his summers there in a modestly-furnished castle.
It never stood a chance. With the unrealistic expectations of the dumb-asses running the Sierra division in Oakhurst and Bellevue at the time, it was doomed from the start. I know that they'd pretty much jerked my heart out of the process. The only good thing about that time was the people I got to work for a while who would have made up the SQ7 team, and they were some great people. Just don't tell the bastards I said that. Nobody reads this crap anyway. Right?
SM: The scoop on Space Quest 7 is actually mostly empty, Jess. Honestly, there's almost nothing to tell. Because it had to be a multi-player game as well as 3-D we toyed with the idea of Roger being accidentally cloned at the start of the - many times, and all with differing personalities. That way multiple players could play as different Rogers all trying to reach the same goal; to snuff all the other Rogers. God, I hate even talking about this. It sucked. We were set up to fail. It felt like it, and it was real hard to come up with what felt like a true Space Quest. I'm SO glad it never came to fruition - at least under those circumstances.
JM: How do you think SQ7 would have differed if Sierra had not pressured the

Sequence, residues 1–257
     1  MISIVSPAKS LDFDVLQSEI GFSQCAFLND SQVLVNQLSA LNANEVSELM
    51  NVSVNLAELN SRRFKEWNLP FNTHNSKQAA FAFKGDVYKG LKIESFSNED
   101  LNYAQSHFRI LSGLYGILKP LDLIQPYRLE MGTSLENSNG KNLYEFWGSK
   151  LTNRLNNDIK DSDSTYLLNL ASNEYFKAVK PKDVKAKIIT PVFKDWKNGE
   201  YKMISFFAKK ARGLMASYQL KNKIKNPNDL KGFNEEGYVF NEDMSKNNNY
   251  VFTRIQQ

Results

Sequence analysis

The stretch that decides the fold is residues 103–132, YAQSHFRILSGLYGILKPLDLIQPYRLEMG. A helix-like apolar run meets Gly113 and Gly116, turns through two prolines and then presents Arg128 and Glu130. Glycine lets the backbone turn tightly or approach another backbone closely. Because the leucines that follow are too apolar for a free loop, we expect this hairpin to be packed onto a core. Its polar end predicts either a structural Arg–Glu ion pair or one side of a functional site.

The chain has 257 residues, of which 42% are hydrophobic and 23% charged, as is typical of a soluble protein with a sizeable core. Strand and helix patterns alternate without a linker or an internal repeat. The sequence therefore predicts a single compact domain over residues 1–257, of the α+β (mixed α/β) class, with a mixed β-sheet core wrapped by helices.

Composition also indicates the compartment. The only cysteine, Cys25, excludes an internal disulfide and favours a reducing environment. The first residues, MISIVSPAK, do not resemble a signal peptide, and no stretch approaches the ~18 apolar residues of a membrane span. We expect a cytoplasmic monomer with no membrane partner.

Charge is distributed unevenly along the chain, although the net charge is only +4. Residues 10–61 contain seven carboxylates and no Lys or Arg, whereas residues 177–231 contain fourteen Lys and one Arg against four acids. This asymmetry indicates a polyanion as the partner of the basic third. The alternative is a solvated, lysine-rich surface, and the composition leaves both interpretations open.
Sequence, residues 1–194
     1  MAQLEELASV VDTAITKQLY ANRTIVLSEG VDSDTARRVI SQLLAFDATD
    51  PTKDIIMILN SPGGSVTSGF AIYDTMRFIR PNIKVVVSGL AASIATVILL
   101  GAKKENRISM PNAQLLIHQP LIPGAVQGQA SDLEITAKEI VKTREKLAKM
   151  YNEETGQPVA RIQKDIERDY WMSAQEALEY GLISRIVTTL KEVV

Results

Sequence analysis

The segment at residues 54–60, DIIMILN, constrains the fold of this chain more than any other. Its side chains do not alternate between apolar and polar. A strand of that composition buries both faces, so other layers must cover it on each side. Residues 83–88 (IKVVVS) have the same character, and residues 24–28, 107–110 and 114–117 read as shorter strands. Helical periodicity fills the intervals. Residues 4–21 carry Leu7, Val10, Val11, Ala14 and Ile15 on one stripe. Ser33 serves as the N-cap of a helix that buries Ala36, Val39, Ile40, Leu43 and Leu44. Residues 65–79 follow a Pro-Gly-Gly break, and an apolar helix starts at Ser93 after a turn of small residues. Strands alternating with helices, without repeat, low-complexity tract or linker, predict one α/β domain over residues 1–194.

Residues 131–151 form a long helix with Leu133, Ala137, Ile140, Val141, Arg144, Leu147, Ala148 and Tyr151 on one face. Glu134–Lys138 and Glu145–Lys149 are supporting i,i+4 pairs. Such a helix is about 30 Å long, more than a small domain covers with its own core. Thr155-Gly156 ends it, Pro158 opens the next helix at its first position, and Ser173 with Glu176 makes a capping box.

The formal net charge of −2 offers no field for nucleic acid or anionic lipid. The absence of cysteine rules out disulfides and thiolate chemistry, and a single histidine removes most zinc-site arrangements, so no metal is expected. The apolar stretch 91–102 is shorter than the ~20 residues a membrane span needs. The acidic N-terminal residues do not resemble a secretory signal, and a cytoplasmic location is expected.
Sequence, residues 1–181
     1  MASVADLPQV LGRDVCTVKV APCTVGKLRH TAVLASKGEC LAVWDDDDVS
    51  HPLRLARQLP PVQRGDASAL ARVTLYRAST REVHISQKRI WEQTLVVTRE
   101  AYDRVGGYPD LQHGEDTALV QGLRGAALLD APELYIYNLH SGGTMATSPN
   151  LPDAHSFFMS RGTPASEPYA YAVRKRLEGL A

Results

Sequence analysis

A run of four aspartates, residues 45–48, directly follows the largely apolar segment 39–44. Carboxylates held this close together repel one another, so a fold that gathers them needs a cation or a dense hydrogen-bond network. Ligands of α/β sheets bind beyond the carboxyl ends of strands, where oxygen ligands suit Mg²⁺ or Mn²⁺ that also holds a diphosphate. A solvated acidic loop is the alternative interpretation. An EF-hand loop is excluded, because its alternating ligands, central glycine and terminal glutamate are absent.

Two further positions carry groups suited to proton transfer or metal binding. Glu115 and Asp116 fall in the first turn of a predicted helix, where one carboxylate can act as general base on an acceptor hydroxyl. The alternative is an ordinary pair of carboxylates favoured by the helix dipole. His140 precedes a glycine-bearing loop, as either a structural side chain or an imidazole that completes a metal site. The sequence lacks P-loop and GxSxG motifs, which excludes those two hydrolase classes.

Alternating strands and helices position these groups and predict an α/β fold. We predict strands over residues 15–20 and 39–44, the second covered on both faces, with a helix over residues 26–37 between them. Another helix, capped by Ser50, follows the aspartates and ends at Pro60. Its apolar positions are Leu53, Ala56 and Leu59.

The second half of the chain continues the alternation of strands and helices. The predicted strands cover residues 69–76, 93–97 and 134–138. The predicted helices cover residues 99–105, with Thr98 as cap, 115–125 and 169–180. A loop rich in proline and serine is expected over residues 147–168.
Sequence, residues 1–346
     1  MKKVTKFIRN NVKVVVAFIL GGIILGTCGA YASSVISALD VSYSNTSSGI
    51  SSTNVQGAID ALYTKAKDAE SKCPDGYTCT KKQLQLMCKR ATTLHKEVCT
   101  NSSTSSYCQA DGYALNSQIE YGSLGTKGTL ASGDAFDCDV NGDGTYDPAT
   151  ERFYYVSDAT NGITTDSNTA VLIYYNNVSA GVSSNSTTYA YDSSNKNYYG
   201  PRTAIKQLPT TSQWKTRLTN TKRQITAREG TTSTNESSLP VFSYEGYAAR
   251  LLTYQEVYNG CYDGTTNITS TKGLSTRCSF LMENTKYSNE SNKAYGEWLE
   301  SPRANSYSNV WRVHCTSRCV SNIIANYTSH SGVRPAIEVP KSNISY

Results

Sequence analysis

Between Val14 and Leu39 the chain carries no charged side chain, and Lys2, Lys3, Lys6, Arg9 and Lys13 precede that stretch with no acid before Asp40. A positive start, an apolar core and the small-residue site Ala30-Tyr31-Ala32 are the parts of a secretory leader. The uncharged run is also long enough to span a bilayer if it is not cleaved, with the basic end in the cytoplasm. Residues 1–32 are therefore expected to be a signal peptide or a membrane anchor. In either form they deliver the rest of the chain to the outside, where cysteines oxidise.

design team in the direction of a multiplayer adventure?
SM: We actually would have been able to come up with a real design and been able to make a real game, one that would have been a real Space Quest. Had we just been able to use the design system that was available at the time, the one they used for Quest for Glory for instance, we might have stood a chance.
JM: Describe a typical day spent working on the Space Quest series. How had the
working environment changed at Sierra by the time you left?
SM: We were watching the clock and cringing whenever we heard management had a new idea or announcement. It's sad what we had become. We had some real, veteran professionals who weren't afraid to work and who'd proven it countless times. People just wanted to be shown a little appreciation or recognition. The only time we heard from them was when they wanted to bitch about something or issue a new fresh-from-the-cheeks dictum.
JM: Do game designers ever play their own games, or is that considered a faux
SM: If you're like me, you sometimes have to when people ask you questions about them decades later. Generally, when you've spent as much time with a project as we did, you don't want to get anywhere near it for a few years. Besides, you already know all the tricks. You're never tempted to try something again and see if it will work differently this time. (Well, almost never.)
JM: Over the course of the past few years, numerous sources have heralded the
death of the adventure gaming genre. Do you believe this is an accurate
assessment of the genre's future?
JM: Being at Sierra for as long as you were, I'm sure you witnessed some pretty
strange stuff. Do you recall any particularly crazy proposed projects that
never made it past the planning stages?